The school year has hardly begun, and though summer-like weather still lingers, you can feel the crisp hint of autumn in the air – and in the stores. You definitely feel it, see it, and can almost taste it at most retailers. Bushels of apples, candy apples, apple cider and pumpkins are everywhere. Then of course, there is the candy; candy corn and endless bags of your favorite candy bars. From supermarket displays to mall windows, Halloween decorations, displays and costumes abound.

But because of the origins and many themes behind Halloween that many Christians don’t believe coincide with their faith, celebrating the holiday isn’t in everyone’s itinerary, come October 31.

Halloween’s History

In the early days of the Christian church, the night before All Saints Day (a day set aside to remember Christian martyrs) was dubbed “All Hallows Eve.” Through the years, All Hallows Eve became known simply as “Halloween.” 

Early leaders in the Church, in an effort to challenge pagan rituals and customs entrenched in the community, designated certain Christian feasts and festivals on the same dates popular for pagan celebrations. The results often backfired, resulting in “Christianized” pagan rituals. This was the case for All Hallows Eve, or Halloween, which coincided with the pagan Druid beliefs that the dead came back to walk the earth alongside the living on a night, or series of nights, at the end of the harvest just before the winter season started.

Here is one documentary that divulges some of the influences behind Halloween and explores many of the inhibitions some Christians have when it comes to celebrating Halloween — it’s called Halloween? Trick or Treat?

Because of these pagan origins, many Christian families choose not to celebrate Halloween.

Whether you take a pass on trick-or-treating on Halloween because of the imagery, its pagan origins or simply out of concern for your child’s safety, there are alternatives that will still allow your child to enjoy some of the treats and fun of the fall season.

Fall Party      

Costumes and candy are not evil in and of themselves, and can be incorporated into a trick-or-treating alternative. Organize a block party or hold a themed costume party in your home. Promote positive costume choices with a theme that promotes positive values such as “Come dressed as your favorite community hero” (firefighter, police officer, doctor, teacher), for example. Invite local heroes to visit, or have your own parade, marching to your local fire department to share goodies with real-life heroes.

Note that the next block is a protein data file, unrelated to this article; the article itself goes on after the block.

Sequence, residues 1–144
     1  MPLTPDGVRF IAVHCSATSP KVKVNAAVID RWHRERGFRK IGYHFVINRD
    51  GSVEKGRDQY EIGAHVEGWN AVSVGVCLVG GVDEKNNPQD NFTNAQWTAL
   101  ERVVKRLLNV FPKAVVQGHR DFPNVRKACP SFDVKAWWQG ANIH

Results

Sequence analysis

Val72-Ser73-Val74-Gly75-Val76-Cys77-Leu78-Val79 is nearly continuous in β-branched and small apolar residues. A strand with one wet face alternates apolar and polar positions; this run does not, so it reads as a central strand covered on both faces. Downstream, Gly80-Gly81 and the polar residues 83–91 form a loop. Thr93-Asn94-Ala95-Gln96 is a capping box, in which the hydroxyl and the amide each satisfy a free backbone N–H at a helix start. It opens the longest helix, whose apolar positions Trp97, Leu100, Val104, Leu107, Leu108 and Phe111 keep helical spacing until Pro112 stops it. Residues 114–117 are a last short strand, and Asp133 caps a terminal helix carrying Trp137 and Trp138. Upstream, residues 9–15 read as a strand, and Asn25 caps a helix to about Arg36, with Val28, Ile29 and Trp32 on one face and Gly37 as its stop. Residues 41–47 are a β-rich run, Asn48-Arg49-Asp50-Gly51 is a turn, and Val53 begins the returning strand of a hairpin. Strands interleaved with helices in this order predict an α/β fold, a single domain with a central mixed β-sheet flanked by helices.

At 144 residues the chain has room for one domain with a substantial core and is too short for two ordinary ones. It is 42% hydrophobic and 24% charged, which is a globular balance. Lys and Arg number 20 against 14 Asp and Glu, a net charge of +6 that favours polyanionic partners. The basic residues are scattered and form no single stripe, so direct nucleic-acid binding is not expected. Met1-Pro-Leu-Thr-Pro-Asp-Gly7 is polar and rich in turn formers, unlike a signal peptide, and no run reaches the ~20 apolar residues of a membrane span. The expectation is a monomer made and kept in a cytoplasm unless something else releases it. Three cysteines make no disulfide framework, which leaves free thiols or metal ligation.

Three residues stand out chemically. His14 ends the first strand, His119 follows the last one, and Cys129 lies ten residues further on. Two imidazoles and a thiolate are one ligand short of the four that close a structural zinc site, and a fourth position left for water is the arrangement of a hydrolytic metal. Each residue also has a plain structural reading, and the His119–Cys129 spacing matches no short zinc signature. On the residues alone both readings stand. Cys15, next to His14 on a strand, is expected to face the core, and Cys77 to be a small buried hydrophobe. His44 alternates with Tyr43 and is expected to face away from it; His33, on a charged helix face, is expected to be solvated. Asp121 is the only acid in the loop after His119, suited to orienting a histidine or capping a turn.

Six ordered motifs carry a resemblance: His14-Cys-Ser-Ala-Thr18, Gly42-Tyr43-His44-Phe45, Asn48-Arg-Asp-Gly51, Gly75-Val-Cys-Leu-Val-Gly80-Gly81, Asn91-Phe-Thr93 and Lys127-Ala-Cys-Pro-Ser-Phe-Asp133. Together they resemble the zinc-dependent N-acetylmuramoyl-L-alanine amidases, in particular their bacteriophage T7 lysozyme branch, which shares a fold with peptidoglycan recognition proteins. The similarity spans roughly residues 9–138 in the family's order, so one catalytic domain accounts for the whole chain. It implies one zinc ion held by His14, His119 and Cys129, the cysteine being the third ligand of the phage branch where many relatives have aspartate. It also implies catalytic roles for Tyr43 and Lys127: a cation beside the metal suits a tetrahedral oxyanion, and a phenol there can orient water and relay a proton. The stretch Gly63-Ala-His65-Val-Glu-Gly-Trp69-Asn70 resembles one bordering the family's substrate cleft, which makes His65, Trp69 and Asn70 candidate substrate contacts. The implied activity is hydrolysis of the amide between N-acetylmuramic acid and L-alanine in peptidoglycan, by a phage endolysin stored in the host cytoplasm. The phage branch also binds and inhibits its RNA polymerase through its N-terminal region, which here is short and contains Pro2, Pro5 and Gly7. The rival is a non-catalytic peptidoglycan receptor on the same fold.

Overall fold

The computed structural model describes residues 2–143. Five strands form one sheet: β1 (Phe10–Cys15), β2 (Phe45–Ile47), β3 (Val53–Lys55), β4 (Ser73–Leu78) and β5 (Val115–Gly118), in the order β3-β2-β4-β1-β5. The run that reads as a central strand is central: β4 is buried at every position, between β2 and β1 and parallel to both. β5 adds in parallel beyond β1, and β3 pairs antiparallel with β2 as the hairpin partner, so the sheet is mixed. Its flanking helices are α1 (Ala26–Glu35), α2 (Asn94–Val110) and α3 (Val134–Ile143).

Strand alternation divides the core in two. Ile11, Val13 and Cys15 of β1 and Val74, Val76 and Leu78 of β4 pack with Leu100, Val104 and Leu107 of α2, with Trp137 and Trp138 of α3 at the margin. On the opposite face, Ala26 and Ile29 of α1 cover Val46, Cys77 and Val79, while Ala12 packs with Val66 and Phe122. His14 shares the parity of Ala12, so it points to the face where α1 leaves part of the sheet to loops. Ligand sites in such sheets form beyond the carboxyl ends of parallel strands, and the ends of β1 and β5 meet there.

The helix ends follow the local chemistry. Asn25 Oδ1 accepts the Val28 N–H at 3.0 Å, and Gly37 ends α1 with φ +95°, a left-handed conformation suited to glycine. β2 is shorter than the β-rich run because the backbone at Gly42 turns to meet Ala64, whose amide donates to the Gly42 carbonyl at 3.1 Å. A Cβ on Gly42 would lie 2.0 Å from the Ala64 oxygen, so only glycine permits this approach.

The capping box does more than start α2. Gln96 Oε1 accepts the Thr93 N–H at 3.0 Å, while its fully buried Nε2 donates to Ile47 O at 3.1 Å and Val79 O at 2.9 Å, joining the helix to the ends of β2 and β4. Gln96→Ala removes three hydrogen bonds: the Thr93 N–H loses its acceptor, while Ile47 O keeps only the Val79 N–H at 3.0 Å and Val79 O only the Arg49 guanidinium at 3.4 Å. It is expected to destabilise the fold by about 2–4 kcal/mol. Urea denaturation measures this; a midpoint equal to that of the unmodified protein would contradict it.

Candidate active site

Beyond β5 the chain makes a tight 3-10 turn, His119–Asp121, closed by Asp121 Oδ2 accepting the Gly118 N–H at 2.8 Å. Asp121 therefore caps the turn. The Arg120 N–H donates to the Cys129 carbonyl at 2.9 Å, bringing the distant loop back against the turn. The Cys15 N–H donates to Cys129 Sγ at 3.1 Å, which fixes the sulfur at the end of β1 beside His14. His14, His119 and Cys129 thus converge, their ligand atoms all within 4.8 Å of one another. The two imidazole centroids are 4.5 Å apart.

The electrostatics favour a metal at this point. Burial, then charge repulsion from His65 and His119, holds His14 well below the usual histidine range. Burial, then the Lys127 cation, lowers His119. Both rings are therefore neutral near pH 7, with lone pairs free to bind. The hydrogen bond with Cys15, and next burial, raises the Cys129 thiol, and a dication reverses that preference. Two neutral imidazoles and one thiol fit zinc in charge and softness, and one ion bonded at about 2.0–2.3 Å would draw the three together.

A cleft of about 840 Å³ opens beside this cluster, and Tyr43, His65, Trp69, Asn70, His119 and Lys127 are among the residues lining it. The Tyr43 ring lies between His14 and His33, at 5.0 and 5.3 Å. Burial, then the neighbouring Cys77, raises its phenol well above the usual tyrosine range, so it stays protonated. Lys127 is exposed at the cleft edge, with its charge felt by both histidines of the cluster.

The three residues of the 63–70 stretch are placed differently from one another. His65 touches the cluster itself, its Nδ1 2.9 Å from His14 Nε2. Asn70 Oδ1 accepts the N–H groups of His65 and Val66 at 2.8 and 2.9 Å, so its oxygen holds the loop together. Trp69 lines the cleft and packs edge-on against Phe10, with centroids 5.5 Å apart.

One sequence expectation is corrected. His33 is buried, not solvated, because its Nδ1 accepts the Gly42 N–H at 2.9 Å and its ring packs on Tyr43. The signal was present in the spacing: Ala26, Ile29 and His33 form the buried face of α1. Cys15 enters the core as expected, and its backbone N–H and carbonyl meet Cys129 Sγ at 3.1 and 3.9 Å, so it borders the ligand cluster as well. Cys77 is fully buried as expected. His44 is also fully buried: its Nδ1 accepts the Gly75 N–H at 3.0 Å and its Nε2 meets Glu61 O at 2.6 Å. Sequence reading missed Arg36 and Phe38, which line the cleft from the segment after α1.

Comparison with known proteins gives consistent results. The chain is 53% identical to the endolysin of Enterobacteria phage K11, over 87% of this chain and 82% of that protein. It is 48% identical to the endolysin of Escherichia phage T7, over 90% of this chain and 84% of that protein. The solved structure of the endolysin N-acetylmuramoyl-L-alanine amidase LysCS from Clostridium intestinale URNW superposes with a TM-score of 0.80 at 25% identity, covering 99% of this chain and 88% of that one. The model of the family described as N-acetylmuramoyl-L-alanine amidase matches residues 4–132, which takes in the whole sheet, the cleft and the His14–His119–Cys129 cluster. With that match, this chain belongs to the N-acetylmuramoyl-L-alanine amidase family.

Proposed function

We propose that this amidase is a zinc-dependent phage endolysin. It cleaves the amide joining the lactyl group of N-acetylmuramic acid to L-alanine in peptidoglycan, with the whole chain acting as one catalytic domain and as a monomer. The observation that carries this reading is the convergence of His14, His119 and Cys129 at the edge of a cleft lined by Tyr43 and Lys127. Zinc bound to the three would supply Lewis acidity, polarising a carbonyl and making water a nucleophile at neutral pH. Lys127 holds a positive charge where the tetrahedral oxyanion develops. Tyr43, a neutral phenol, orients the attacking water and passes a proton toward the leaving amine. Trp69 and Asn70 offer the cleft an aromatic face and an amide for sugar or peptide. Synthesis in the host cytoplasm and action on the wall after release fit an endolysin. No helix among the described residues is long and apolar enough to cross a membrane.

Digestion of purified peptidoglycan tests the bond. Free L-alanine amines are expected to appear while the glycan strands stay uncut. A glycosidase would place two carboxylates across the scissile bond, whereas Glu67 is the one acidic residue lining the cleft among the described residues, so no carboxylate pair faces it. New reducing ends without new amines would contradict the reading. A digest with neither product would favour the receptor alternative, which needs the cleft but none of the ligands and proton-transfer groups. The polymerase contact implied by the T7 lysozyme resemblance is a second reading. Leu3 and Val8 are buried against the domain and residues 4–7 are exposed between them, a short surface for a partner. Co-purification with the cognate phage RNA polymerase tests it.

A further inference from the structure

Outreach Children’s Ministry

Many churches offer alternatives to trick-or-treating. These events, sometimes known as “hallelujah parties,” can be incorporated into youth outreach ministry efforts. Activities can include hayrides, games, family activities, a family-friendly movie, performances and of course, candy.

Family Time

Your children can enjoy some family fun – and candy – as part of a family night out, or in. Plan a trip to a favorite restaurant, go to the movies, hold a family game night, go bowling, or (if Halloween falls on a weekend), go to a hotel with an indoor swimming pool or indoor waterpark.

Alternatives to Candy

If you prefer that your little one not indulge in sugary candy, make your own healthy treats to enjoy and share.

Clemson University Cooperative Extension provides a list of many simple healthy, non-candy, and non-food treats, including cereal bars, snack packets of dried fruit, animal crackers or goldfish, 100 calorie packs of a variety of treats, sugar free gum, juice boxes with 100 percent juice, pudding, apple sauce, Jell-O with fruit, and single-serve bags of microwave popcorn. 

Non-food ideas include glow sticks, miniature games and puzzles, crayons or markers, stickers, pencil toppers, coloring books, rub-on tattoos and even toys that promote activity such as bouncy balls and jump ropes.

Blessed is the man who doesn’t walk in the counsel of the wicked, nor stand in the way of sinners, nor sit in the seat of scoffers.Psalms 1:1

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